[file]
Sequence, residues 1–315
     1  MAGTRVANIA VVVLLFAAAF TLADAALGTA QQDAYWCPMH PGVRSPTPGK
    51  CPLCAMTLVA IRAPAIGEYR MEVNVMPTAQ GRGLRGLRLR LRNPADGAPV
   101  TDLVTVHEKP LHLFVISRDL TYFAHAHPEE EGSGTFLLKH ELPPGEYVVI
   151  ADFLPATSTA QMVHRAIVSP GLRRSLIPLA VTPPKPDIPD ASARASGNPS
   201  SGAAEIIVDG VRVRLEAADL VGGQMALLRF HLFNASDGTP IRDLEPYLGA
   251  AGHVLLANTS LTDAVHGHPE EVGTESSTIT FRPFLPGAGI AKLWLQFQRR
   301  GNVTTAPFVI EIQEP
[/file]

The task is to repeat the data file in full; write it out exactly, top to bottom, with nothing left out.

Sequence, residues 1–315
     1  MAGTRVANIA VVVLLFAAAF TLADAALGTA QQDAYWCPMH PGVRSPTPGK
    51  CPLCAMTLVA IRAPAIGEYR MEVNVMPTAQ GRGLRGLRLR LRNPADGAPV
   101  TDLVTVHEKP LHLFVISRDL TYFAHAHPEE EGSGTFLLKH ELPPGEYVVI
   151  ADFLPATSTA QMVHRAIVSP GLRRSLIPLA VTPPKPDIPD ASARASGNPS
   201  SGAAEIIVDG VRVRLEAADL VGGQMALLRF HLFNASDGTP IRDLEPYLGA
   251  AGHVLLANTS LTDAVHGHPE EVGTESSTIT FRPFLPGAGI AKLWLQFQRR
   301  GNVTTAPFVI EIQEP